Author: Gina Shaw
Abnormal clotting, apparently resulting from endothelial damage, has been described in patients with severe COVID-19 disease, and Chinese clinicians recommend initiating prompt anticoagulation therapy in all severe COVID-19 patients.
Bin Cao, MD, with the National Clinical Research Center for Respiratory Diseases in Beijing, described “clots in the small vessels of all organs, not only the lungs but also including the heart, the liver, and the kidney,” in a March 19 webinar on the disease cosponsored by the Chinese Cardiovascular Association and the American College of Cardiology.
High D-dimer levels seen in these patients, Dr. Cao said, point to abnormal coagulation throughout the body. ”The virus can bind to the endothelial cells and may cause damage to the blood vessel, especially the microcirculation of the small blood vessels.”
In a March 11 paper in Lancet involving 191 COVID-19 patients in Wuhan, Dr. Cao and colleagues reported that D-dimer levels over 1 mcg/L at admission predicted an 18-fold increase in the odds of death before discharge (Lancet 2020;395:1054-1062).
However, American clinicians advised caution in interpreting these data. “Elevation of D-dimers may be a VTE [venous thromboembolism] risk signal to consider,” said William Dager, PharmD, BCPS, a pharmacist specialist at UC Davis Medical Center, in Sacramento, and a clinical professor of medicine at UC Davis School of Medicine and clinical professor of pharmacy at UC Davis College of Pharmacy. “But more [data are] needed to know the significance of this association alone to drive initiating antithrombotic prophylaxis that otherwise would not be considered.”
Dager added that due to the rapid pace of COVID-19 developments, “we are learning so much as we go. But it would be difficult to provide much more comment than this: There are notable signals suggesting an increased risk for thromboembolism in patients being managed for COVID-19.”
As for the causes, “it may be multifactorial, from being sedentary to the impact of management approaches in the more critically ill [patients],” he said.
“Checking D-dimer levels and fibrinogen and then initiating anticoagulation is controversial in based on the American Society for Hematology guidelines right now,” acknowledged Anthony Proli, PharmD, BCPS, clinical pharmacy specialist: Bone Marrow Transplant at Memorial Sloan Kettering Cancer Center, in New York City. (The ASH recommendations on COVID-19, as of April 1, state “Blood component therapy should not be instituted on the basis of laboratory results alone.”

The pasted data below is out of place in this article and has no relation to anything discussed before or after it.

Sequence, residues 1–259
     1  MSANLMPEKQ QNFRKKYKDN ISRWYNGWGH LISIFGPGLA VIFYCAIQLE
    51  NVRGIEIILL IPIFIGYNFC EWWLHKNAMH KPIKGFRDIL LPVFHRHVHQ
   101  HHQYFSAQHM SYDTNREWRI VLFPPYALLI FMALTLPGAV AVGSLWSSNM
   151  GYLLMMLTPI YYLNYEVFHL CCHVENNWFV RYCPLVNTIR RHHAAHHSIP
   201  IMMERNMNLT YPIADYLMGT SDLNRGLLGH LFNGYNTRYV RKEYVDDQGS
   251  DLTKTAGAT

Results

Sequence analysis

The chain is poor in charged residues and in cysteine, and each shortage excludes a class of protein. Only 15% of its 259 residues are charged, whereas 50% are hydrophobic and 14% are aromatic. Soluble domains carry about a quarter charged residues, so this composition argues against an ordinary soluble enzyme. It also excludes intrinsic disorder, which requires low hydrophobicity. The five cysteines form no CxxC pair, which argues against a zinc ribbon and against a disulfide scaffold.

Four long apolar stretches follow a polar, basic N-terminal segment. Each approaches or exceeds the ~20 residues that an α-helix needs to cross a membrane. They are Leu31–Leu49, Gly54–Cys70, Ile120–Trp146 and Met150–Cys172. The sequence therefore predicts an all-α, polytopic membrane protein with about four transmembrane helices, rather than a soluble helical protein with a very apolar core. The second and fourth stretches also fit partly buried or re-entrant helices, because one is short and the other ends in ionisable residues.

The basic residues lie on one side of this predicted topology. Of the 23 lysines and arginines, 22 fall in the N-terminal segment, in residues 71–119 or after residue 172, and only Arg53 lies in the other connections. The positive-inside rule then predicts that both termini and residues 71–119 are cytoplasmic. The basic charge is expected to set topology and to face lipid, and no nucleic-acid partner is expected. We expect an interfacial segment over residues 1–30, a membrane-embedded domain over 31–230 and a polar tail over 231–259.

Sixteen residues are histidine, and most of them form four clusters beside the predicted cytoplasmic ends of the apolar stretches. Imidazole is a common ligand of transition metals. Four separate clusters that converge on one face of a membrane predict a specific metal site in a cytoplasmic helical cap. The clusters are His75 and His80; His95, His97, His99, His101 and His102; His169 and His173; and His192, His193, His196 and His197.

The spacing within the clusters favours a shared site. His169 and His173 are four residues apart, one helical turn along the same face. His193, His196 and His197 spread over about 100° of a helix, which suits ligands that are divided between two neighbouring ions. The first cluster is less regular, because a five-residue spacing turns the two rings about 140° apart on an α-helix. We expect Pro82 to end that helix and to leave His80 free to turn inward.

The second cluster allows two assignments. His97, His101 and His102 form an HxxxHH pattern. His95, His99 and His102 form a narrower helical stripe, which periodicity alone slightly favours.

“But in our ICU, when D-dimers are elevated in COVID-19 patients, we initiate full-dose anticoagulation,” Proli said. “Some of our hematologists are even wondering if there’s a potential for defibrotide [Defitelio, Jazz Pharmaceuticals] as a fibrinolytic in these patients who have potential to go into hypercoagulable DIC [disseminated intravascular coagulopathy].”
Katelyn Sylvester, PharmD, BCPS, CACP, the pharmacy manager for anticoagulation services at Brigham and Women’s Hospital, in Boston, agreed there are multiple possible underlying mechanisms for abnormal clotting and cardiac damage in COVID-19. “It’s interesting to consider the direct damage they’re seeing in endothelial cells. Is the virus attacking those cells and causing microvascular damage, and is that leading to some of the acute coronary syndromes being reported in these patients? Does that suggest that we need to consider therapeutic anticoagulation versus prophylaxis? Although we are seeing endothelial tissue damage, so far there are not a lot of VTE events being reported.”